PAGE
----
Swedish online video start-up Voddler is now available in Sweden and Norway to anyone wishing to access the site. The service, which is notable for bringing 'free' (ad funded), legal movies to the Nordic market, has registered 650,000 users on an 'invite only' basis since its beta launch in Sweden in the summer of 2009. The closed beta will continue in Demark and Finland.
Currently the site has approximately 2,000 titles, with 1,600 available for free on an add-supported basis. The 400 titles that are available only on a pay-per-view basis cost between SEK 27 and 37, for a rental period of 24 hours. Voddler offers movies from local distributors and the Hollywood majors, with the exception of 20th Century Fox, as well as a limited number of TV series.
It is reasonable to assume that the ad-supported content will account for the majority of consumption on the service. However, it seems likely that the free-to-view TV and movie components will fare very differently. Hulu has demonstrated that there is an appetite for ad-supported catalogue movies online but the market for premium free-to-view video is primarily driven by broadcaster catch-up services, with around 90 per cent of consumption of content on those services typically coming in the first seven days after TV shows have been broadcast. Considering that Voddler's offering lacks any catch-up, its TV component is unlikely to compete with online TV offerings from local broadcasters such as SVT.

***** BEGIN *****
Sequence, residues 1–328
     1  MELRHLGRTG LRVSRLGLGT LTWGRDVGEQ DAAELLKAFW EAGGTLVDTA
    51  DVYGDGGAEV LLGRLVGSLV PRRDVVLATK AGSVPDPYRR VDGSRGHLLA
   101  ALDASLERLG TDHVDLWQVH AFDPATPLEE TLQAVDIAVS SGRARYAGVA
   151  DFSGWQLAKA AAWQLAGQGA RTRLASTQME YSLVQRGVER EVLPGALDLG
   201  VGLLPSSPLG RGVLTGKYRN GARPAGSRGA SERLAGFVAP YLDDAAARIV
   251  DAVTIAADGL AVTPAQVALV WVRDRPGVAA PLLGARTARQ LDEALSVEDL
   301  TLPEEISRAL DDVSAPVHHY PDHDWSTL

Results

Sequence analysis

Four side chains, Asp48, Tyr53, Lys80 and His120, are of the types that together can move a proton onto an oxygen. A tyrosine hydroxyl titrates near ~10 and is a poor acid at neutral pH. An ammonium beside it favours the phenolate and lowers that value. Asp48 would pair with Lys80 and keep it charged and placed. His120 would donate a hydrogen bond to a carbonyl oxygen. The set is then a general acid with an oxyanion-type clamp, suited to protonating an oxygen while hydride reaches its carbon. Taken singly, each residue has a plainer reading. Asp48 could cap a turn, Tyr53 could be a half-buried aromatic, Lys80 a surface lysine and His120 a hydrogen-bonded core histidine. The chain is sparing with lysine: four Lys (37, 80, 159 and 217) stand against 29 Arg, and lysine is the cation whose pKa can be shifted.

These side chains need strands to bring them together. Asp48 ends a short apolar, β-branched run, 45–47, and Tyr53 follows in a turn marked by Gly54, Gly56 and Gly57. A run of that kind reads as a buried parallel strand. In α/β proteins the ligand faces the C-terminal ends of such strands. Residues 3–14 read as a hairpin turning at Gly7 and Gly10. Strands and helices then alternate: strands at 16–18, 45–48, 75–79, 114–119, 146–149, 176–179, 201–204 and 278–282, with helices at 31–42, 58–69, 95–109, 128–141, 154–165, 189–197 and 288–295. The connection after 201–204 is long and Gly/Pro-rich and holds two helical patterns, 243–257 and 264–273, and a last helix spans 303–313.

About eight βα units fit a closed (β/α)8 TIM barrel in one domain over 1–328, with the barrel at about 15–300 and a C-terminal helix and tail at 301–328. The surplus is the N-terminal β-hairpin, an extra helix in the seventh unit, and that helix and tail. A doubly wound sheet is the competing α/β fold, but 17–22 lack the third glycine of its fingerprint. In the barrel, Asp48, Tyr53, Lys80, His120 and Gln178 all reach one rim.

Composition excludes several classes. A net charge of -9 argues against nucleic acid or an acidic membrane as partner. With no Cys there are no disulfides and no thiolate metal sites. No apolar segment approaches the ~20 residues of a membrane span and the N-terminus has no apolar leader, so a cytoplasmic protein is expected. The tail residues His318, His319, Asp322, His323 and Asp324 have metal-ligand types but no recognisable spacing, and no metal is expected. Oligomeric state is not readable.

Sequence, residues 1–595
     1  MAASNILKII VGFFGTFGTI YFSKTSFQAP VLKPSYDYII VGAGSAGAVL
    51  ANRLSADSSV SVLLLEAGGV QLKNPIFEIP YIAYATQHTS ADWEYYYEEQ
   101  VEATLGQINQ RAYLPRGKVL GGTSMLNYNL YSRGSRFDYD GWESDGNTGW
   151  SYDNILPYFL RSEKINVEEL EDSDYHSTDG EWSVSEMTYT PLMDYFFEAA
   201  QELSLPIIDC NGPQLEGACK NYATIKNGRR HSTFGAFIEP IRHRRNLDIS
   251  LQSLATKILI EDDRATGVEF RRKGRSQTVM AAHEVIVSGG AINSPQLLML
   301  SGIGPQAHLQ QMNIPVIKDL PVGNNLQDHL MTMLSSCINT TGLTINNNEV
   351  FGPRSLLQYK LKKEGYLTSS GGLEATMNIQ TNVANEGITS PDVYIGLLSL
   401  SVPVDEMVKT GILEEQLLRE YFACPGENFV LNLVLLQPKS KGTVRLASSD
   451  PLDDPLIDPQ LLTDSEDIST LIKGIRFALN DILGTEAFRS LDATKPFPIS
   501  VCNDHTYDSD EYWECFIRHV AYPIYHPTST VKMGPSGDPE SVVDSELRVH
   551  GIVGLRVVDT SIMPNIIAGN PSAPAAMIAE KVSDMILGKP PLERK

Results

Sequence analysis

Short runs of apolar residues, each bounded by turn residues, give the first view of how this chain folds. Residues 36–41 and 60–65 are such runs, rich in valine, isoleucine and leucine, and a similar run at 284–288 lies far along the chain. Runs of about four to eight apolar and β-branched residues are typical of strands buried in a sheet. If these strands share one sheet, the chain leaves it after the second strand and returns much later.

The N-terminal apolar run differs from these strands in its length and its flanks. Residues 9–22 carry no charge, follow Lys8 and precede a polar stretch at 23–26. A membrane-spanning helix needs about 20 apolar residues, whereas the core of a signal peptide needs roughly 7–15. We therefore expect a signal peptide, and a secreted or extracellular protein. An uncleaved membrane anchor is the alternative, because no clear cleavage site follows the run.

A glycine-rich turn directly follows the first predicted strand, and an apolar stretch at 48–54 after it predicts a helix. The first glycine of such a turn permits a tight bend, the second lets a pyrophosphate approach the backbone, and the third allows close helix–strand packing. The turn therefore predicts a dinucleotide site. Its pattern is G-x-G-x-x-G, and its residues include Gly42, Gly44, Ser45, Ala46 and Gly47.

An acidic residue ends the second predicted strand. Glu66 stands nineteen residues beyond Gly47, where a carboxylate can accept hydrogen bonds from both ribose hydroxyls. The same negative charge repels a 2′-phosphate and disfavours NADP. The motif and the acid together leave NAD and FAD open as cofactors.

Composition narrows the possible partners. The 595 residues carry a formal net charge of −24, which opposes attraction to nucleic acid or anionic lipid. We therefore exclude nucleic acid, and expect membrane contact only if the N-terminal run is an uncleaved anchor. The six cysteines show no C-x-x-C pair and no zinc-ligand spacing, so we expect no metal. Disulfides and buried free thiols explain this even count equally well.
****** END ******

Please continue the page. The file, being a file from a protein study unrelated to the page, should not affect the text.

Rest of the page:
This dichotomy has been reflected in the coverage that the service has received prior to coming out of closed beta, which predominantly focused on the fact it offered free movies. However, the age of the movie titles and lack of catch-up TV, coupled with the fact that the service is not affiliated with a broadcaster, suggests that Voddler - like MSN in the UK and Hulu in the US - will not attract the sort of CPMs enjoyed by the broadcasters.
In its current iteration, the transactional piece of the Voddler service is unlikely to make a significant impact. Paid online TV and movie content in the Nordics has struggled to gain a foothold due to a lack of device-based services, such as iTunes. Just a few of the online movie and TV services in Sweden and Norway offering content on a transactional basis enable users to easily consume content on another screen: the Zune movie store on the Xbox 360; Viasat on Demand which is available via connectable set-top boxes; and Bonver's Film2Home which Philip offers on its Net TV platform. Otherwise, most services are tethered to the PC and consumers have generally proven reluctant to pay for content under these conditions. As a result, the market for digital rental in these territories remains underdeveloped and practically non-existent in the case of digital retail or 'download-to-own'.
Find Out More > iSuppli | Screen Digest Broadband Media Intelligence Service